To be a Negro in this country and to be relatively conscious is to be in a rage almost all the time.
- James Baldwin
When I was young and idealistic, I had a newspaper column. I was a “Community Columnist” for the Charlotte Observer in the early 2000s and I loved every minute of it. I loved it for the anonymity and the notoriety but most of all, I loved it because it was free therapy. Back then, all I had to do was sit down and write out all of my anger, my frustrations, my despair and fling it on to the pages of the newspaper. And everyone else had to deal with my feelings. I wrote about race, I wrote about equity, I wrote about diversity - all before they had classes and consultants for such things. I forced the readers to hear my thoughts, feel my rage and at least consider my point of view - and I thought that was helping. And maybe - then, it was. This was before the age of social media, Trayvon Martin wasn’t a hashtag yet, and Barack Obama was still a community organizer. Twenty years ago, my little column made me feel better about injustice. I felt like I had made progress in the conversation about justice, equity and inclusion by just making the masses acknowledge the issues. (The September 2005 article about race relations after Hurricane Katrina particularly enraged the masses. I was pleased).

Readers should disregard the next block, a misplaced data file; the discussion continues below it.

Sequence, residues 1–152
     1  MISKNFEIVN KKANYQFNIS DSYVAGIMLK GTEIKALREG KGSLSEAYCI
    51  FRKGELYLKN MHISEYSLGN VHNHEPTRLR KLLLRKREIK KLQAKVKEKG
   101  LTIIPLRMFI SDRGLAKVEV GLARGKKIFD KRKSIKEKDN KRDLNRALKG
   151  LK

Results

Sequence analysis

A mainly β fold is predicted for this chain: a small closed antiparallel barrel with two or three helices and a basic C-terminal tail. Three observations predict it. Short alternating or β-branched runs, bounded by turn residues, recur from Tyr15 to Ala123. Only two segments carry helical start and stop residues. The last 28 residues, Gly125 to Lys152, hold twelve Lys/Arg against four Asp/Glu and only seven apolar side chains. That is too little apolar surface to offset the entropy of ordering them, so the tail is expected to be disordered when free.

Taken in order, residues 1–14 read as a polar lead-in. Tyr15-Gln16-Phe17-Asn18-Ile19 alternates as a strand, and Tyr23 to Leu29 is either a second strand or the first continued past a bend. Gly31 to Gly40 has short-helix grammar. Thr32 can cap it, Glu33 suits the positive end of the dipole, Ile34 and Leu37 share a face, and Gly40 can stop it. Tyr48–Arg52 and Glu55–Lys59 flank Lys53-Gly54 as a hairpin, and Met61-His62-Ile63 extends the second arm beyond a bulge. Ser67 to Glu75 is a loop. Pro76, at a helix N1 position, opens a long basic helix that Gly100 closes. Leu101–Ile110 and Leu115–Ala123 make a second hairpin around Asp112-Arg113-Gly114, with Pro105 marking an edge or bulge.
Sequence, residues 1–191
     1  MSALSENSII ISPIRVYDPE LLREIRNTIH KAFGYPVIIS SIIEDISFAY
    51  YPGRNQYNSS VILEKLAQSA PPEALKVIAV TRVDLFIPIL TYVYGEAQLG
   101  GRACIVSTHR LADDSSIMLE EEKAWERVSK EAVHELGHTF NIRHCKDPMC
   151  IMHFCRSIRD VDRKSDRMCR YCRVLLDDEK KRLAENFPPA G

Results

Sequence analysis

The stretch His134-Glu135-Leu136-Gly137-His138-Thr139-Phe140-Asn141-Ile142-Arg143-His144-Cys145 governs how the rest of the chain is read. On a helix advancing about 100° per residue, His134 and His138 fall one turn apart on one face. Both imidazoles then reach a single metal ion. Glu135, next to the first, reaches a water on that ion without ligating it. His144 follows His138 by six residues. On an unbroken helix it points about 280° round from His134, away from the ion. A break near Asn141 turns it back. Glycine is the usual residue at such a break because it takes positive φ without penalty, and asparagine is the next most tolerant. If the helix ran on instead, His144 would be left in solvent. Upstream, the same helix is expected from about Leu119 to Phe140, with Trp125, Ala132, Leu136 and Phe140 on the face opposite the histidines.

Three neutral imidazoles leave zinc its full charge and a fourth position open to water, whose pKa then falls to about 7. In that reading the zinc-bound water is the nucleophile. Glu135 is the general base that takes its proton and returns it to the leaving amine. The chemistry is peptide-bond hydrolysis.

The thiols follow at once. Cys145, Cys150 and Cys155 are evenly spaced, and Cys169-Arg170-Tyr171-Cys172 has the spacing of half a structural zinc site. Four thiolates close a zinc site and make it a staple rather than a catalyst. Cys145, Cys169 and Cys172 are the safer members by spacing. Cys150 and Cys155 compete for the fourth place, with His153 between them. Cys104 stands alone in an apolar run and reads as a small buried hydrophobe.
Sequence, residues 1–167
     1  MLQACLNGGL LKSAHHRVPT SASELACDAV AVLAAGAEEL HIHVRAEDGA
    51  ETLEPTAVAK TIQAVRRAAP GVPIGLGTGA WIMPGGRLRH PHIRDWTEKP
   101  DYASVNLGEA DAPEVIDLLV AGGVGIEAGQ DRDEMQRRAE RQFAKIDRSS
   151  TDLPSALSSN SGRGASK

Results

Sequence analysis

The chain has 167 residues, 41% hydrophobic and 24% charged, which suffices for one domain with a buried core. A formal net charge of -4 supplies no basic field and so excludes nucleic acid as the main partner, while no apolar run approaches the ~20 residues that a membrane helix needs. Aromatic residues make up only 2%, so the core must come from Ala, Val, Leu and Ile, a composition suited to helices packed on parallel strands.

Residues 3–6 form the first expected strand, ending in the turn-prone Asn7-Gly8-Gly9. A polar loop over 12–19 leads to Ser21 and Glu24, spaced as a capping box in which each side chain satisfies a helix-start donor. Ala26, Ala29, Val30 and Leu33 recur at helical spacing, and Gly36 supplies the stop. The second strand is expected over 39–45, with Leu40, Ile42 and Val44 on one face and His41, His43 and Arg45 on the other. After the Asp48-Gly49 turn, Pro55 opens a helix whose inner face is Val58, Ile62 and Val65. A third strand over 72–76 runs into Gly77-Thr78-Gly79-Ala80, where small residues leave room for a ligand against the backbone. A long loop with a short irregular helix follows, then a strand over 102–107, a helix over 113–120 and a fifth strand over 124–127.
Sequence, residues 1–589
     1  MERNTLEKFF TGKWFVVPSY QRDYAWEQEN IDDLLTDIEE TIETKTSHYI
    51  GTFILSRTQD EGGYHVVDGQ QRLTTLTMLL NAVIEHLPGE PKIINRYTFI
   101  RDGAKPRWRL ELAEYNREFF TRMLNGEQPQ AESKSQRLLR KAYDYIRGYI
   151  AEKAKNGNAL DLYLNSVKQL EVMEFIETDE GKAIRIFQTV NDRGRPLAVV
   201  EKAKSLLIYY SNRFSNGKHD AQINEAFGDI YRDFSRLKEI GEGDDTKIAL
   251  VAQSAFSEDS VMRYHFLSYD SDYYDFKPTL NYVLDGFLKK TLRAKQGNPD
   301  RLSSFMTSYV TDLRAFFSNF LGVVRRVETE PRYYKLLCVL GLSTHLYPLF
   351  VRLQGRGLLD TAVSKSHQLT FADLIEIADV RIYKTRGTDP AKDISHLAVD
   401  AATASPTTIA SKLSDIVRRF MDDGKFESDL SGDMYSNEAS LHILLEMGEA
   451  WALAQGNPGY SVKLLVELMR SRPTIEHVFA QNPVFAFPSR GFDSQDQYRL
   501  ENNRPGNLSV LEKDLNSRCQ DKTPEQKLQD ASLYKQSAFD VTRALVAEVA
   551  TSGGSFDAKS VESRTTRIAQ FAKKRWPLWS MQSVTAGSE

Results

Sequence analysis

Twenty years later, I can’t seem to get rid of my rage. Nothing I do, nothing I write makes me feel better. I can’t take another hashtag, I can’t take another video, I can’t stand another murder. I have fear - fear for Black men and women, fear for my people. But overwhelmingly, I have an anger that simmers. It simmers while I’m at work and when I’m in public and I have to remind myself that this level of rage isn’t healthy or productive. I have to remind myself that every white person isn’t a racist, in the same way that every Black person isn’t a suspect. And I know better. I know advocates and allies, I have white friends. I know that there are good people and bad people of every race. But my anger is irrational and hurtful and I can’t seem to remember it when another Black man is dead in the street.
I’m a parent now and that adds another level of anger and fear. I’m angry that I have to train her to be smarter, more thoughtful and better just to be treated equally. I’m angry that in addition to training her to be respectful of her teachers and other adults, I have to teach her to be careful in addressing authorities, specifically white people, in order to be safe. I’m angry that every month or so, I have to contain my anger so that it doesn’t convey hate for another race. I want her active and aware, not angry and slightly depressed like her mother.
So forgive me for just a little while. Forgive me if I’m not friendly, forgive me if I’m quiet. When I was young, I could just write the pain away. But I’m older now and I can’t seem to wipe it away with my words. I’m hurt and I’m angry and I haven’t quite figured out how to process it. And every time I think I’m fine, every time I think I’ve coped - another Black person is murdered. There aren't enough words in the world to wipe it all away.